The Last Call
The high points of a doctor's post-graduate training are so few in number they can generally be recalled in the same amount of time and with the same enthusiasm it takes to flush a toilet. There is one event, however, that stands like a sequoia in the vast forest of memories preserved within the young doctor's mind - the night of his last call. Every doctor remembers the final time he entered the healing palace as the resident on-call. He drifts about the halls that night like a specter under the fluorescent lights, exploring the wards he once haunted. Like most nights on-call though it is a time for survival, not reminiscence. The goal is to live through the night without losing one's temper, mind or car keys.
It was with true dread that I stared at the doors of the hospital all those years ago on the last day of my three years of servitude. The season was glorious spring, when flowering crabapple trees delighted the weary eye and a young doctor's thoughts turned to shouting a hearty sayonara to the apprenticeship and hightailing it to fellowship or private practice. My sights though were only on the imposing brick building rising before me, for when it came to lucky omens I had just been handed the Monkey's Paw. Some residents spend their final hours grooming little old ladies on the geriatric service. My last supper was to take place within a more ominous painting. I walked into the lobby and gazed at the portrait of the President hanging above a collection of flags, releasing a sigh as I trudged upstairs.
According to the schedule, my last night on call was to be at the Veteran's Hospital.
Those doctors who have trained at the VA hospital know what it means to roam the halls where any minute one expects to encounter a human head bouncing down the stairs or see flames shooting from the oxygen mask of a surreptitious smoker. I therefore swept all bad thoughts away, steeled myself and went about the business of the day which consisted mainly of tracking down the reasons why exactly the old soldiers were there in the first place. The afternoon chugged by without incident, although our medical student was nearly asphyxiated when he walked into a lounge hosting the weekly bingo-game-and-cigarette-exchange. The only casuality before sundown was a jug of urine. One of my patients had diligently carried it from home to the hospital but had forgotten to give the specimen to me.
"What did you do with your 24-hour urine sample?" I asked. I needed to know if it contained any abnormal protein, which could indicate the presence of multiple myeloma.
"I gave it to the lab technician. Thought that would be faster than trying to find you."
Like an Olympic skier leaning into the final turn, I slalomed down the stairs to the laboratory in an attempt to rescue the precious carafe, but to no avail. By the time I crashed through the doors it was already lost. I argued with the staff in an attempt to get them to find the cursed bottle but they just gave me a look like a police officer about to conduct a sobriety test. The hospital once again held illimitable dominion over all. I furled the flag and crawled back to the floor.
Evening fell, and I soon collapsed into the recesses of the beastly place. I lay fully dressed on my on-call cot, two beepers clipped to my belt, which made me look rather like a tot carrying a pair of six-shooters. Even the VA settles a bit at night and before long my eyes were dead to the world. Unfortunately at the same time the eyes of one grizzled trooper also decided to shutter permanently, and a nurse who noticed the apparent lack of respiration dialed the operator to send in the Marines - or in other words "call a code".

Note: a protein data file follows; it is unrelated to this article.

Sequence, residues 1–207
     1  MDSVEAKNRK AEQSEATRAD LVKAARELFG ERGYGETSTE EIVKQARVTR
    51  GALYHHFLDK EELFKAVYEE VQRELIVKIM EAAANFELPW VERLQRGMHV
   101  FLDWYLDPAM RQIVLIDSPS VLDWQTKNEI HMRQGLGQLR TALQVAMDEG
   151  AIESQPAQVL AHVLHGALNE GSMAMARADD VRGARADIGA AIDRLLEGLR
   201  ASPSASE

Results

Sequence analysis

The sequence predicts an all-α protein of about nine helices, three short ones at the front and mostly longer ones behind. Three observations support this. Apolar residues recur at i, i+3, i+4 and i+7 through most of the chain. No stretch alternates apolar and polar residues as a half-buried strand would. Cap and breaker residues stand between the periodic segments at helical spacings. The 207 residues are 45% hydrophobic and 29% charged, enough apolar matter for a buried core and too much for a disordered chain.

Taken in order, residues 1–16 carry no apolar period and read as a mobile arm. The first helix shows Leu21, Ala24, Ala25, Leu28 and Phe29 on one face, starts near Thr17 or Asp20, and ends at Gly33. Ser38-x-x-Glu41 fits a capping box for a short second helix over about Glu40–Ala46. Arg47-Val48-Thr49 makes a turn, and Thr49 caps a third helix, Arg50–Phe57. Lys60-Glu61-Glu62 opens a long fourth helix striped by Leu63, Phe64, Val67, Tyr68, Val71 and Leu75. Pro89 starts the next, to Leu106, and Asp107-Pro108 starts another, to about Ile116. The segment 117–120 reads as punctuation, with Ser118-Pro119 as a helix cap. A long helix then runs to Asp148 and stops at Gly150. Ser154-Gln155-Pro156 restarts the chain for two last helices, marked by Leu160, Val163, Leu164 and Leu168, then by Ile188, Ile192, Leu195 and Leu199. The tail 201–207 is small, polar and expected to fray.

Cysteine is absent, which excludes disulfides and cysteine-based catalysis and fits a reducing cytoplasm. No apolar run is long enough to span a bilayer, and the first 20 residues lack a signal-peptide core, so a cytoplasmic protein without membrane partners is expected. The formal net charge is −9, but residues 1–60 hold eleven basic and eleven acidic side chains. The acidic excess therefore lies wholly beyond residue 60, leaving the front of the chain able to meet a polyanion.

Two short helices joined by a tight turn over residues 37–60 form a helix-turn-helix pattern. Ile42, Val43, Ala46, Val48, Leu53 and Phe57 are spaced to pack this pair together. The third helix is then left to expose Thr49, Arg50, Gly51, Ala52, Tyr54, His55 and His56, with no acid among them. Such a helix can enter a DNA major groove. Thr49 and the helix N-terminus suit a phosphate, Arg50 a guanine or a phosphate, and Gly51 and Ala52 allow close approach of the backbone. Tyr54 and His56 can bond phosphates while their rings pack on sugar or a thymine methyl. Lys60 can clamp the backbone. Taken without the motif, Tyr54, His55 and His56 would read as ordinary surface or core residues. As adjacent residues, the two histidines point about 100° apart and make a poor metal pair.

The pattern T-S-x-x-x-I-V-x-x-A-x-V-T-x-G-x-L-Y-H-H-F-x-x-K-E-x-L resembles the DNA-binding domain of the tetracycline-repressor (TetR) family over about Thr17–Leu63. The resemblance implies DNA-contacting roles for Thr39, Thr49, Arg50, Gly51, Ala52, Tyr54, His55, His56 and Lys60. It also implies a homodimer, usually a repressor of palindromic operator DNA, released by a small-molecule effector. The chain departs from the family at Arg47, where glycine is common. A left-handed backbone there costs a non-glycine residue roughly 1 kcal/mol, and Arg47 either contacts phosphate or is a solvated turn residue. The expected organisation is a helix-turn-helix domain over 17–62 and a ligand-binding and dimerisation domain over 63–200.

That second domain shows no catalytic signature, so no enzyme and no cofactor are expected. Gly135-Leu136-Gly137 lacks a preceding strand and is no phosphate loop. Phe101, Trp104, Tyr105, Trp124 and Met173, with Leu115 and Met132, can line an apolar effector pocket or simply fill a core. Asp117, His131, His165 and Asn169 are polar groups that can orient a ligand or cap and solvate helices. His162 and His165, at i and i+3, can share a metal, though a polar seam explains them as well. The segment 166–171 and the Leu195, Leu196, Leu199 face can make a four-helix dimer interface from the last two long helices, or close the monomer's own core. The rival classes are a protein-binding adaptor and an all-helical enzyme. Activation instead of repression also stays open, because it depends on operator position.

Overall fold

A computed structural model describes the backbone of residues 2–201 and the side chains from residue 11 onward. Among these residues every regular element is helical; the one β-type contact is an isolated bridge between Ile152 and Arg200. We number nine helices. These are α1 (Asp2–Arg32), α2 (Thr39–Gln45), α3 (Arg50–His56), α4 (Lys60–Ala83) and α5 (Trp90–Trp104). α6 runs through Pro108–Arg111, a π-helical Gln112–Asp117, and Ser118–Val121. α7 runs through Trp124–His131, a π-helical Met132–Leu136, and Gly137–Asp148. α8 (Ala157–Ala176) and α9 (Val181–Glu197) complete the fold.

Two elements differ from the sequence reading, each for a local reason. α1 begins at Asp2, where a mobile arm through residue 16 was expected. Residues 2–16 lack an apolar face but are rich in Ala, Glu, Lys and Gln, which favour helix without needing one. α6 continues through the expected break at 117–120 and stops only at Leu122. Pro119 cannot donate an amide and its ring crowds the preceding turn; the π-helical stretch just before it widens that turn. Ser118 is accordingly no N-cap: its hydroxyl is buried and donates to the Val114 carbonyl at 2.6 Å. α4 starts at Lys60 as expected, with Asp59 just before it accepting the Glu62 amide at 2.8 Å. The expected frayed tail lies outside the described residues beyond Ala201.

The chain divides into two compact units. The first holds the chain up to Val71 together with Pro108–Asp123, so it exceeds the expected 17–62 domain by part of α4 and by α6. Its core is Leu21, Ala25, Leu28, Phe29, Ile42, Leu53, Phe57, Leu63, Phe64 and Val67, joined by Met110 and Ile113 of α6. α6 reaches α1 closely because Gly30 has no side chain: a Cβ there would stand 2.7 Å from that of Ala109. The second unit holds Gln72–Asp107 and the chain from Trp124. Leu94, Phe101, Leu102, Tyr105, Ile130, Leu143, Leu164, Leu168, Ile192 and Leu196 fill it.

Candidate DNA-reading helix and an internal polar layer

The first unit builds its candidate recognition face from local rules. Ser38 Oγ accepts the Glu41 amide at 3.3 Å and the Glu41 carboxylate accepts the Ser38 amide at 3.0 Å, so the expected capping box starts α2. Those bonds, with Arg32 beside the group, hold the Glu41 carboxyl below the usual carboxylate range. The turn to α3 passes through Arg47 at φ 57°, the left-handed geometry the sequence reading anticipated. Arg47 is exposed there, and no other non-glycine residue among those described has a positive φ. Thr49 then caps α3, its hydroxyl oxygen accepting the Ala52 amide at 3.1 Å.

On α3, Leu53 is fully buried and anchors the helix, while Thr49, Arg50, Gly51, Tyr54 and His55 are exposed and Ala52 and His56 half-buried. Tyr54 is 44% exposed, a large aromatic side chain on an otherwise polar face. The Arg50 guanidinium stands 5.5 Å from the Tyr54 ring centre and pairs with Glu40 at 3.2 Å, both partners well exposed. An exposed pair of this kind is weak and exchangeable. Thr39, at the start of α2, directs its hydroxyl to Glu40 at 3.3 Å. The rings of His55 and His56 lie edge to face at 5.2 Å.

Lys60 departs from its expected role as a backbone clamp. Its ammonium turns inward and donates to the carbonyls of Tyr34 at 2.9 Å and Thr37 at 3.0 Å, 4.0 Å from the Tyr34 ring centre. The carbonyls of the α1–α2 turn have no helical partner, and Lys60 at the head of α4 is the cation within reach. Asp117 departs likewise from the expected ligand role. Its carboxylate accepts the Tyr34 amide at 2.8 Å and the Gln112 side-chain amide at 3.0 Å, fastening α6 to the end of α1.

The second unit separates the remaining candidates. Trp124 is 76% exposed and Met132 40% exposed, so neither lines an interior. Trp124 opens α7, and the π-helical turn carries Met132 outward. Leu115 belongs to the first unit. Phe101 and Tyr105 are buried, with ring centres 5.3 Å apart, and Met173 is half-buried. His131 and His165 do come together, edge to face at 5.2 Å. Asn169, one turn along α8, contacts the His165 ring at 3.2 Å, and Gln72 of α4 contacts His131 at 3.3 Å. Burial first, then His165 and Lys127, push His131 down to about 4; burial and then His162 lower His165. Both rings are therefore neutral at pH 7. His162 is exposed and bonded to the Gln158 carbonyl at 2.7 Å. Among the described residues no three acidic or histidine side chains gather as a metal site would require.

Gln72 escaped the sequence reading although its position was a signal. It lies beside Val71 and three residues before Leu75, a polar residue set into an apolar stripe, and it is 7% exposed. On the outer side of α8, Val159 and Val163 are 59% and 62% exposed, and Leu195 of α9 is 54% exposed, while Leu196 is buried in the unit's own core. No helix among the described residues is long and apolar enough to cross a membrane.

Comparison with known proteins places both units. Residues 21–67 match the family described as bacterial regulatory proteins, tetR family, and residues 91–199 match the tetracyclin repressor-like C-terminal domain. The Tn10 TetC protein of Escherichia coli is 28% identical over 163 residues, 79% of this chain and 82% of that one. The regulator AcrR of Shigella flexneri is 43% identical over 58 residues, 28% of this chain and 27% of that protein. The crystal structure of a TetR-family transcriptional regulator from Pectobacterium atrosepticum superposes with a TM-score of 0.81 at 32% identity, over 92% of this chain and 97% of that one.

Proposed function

I had just reached that part of a dream when after several frustrating attempts, one has convinced oneself that he can soar off into space by flapping the arms. Suddenly a horrific wailing pierced the skull and cut short my maiden flight. My red beeper was shrieking, signaling a cardiac arrest somewhere in the hospital. The operator called out the location over the tiny speaker but the sound was so bad it seemed as if she was reading back an order from a drive-through restaurant. I sped down the hallway. When I arrived at the emergency no one was there but the nurse and the veteran playing the non-speaking role. I of course had to do all the work that night - intubating the patient, starting his I.V., giving him the juice - both liquid and electrical, until the Three Fates made their final decision. Hours later I staggered into the nurses' station and according to witnesses downed a two-week-old can of soda that had been left behind the copy machine.
The following morning after a brief search my medical student found me lying supine on the floor of the conference room, humming "Don't Sit Under the Apple Tree". He gently shook me awake and we waddled off to breakfast. The last I heard of him he was running a Botox clinic in Honolulu.
Thus ended my last night of call. As I was helped out to my car I swiveled for one last look at the object of my detention. The stony facade seemed to fix me in its gaze, as in The Fall of the House of Usher. It was almost twenty years before I laid eyes on it again, and as I drove by the barren landscape, I could swear the old relic winked at me. I smiled back and realized that like two old prize fighters sitting in a diner we could now laugh about the punches we threw back then. The forecast was once again balmy, for our scars no longer ached - we were at peace.